July in the financial services market has been a bit like the weather … mixed but mostly pretty drab.
Let’s start with the lenders. The government has launched its funding for lending initiative so lenders can borrow at the cheap rate of 0.25%.
This has had an immediate impact on the market with the likes of HSBC and Nationwide among others slashing their fixed rates to under 3%.
The catch, and there is always is one, is that it will do very little for the housing market as most deals are aimed at those borrowers with a massive deposit and even worse, some are only available directly from the lender, not via brokers.
This part of the market was already well served with lots of good products hence why this new government initiative will have little impact unless the lenders push up the risk curve – not likely.
Government and initiative are two words that should be banned in the same sentence.
The networks seem to have been busy looking on the negative side of life with Openwork and Countrywide announcing cost cutting measures in light of the expected poor mortgage market in the second half of the year.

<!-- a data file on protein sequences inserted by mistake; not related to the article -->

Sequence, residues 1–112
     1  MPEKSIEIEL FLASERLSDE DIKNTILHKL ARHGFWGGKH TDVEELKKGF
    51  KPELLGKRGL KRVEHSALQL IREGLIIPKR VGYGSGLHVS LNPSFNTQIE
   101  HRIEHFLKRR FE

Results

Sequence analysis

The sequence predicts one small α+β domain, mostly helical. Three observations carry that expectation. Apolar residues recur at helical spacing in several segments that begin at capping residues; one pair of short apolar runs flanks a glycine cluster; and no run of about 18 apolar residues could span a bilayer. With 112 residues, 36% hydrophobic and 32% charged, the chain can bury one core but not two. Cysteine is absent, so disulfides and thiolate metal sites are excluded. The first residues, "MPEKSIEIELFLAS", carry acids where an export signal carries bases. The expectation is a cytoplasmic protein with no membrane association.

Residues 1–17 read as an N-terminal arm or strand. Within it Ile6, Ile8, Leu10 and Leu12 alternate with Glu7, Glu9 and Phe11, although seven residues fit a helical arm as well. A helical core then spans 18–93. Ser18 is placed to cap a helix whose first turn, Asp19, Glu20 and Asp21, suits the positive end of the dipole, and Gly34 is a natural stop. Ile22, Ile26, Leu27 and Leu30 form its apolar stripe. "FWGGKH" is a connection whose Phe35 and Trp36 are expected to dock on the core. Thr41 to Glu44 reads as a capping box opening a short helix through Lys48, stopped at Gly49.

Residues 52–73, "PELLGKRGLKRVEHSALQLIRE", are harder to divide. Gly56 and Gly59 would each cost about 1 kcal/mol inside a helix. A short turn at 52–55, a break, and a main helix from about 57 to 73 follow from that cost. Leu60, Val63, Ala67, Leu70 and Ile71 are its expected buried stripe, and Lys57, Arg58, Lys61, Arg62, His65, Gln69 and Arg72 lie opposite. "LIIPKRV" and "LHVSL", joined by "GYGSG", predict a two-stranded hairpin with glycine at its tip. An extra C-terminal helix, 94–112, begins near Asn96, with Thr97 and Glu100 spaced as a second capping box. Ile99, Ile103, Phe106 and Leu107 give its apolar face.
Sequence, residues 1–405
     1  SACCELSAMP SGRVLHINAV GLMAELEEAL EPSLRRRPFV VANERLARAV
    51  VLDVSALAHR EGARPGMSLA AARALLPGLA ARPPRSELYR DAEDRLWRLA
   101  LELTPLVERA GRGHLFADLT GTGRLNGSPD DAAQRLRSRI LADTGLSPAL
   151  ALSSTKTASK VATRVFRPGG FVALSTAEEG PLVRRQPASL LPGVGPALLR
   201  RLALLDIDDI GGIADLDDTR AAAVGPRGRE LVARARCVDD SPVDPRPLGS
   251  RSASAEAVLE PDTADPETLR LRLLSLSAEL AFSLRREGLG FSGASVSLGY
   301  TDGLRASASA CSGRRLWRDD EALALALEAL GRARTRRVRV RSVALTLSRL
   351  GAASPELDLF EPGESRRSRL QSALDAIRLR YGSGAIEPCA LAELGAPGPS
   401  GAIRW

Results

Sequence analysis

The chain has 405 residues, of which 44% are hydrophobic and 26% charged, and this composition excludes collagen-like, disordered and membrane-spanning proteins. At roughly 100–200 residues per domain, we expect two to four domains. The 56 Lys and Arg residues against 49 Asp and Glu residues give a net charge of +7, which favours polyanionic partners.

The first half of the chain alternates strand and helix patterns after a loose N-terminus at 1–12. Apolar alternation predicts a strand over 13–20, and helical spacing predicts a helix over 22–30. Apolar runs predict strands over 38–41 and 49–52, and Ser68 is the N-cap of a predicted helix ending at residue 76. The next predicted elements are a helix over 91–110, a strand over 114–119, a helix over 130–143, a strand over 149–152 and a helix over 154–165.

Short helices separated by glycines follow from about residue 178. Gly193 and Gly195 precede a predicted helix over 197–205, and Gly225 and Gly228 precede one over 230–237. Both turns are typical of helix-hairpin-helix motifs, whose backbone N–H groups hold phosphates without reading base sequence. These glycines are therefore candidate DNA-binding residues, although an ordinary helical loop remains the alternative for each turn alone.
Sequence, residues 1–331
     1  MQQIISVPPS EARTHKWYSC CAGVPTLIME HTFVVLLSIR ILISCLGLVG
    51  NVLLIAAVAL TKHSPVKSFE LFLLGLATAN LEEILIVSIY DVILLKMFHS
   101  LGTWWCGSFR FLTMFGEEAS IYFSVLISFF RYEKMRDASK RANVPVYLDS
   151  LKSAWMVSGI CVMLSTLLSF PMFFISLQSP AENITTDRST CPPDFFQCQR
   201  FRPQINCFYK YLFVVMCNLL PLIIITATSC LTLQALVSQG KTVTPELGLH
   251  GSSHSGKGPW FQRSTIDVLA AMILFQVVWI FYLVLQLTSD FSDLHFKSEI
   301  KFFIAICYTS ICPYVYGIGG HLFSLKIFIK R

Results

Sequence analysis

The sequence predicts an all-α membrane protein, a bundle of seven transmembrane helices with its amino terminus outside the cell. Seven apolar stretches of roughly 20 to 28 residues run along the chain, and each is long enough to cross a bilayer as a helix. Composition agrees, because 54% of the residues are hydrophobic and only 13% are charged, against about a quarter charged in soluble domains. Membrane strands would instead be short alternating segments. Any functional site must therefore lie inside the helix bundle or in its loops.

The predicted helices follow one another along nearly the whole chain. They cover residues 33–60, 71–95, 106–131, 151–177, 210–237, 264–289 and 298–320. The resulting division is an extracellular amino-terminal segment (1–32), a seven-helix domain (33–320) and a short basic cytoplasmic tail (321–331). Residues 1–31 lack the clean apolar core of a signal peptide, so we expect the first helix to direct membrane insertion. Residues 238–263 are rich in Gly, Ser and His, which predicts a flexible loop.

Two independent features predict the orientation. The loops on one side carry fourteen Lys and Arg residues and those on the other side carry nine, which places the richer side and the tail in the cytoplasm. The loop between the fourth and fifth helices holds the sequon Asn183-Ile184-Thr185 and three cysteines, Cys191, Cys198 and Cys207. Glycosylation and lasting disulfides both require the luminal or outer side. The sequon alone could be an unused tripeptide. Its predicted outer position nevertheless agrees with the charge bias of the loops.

PTFS continues its shambolic running of a network with the highly respected Dev Malle throwing in the towel having had enough of the new regime and some unknown guy being dropped into to replace him in the same day.
Dev will be highly sought after and expect to see him rise up in the new year.
On a positive note it is nice to see Colin Snowdon back in the mortgage arena. Snowdon has done a lot for this industry and we can only hope he has an opportunity to bring his talents to the fore and make them felt from the tiny Saffron.
What may seem unusual to call positive is the departure of Jack Saxton from Halifax after 25 years.
Jack has done more than anyone in the industry to support brokers and is happy to depart Lloyds Banking Group for pastures new. I am sure he won’t be away from the industry for long.
So let’s hope this drab start to the summer picks up in August so we can all look forward to a vibrant start in September.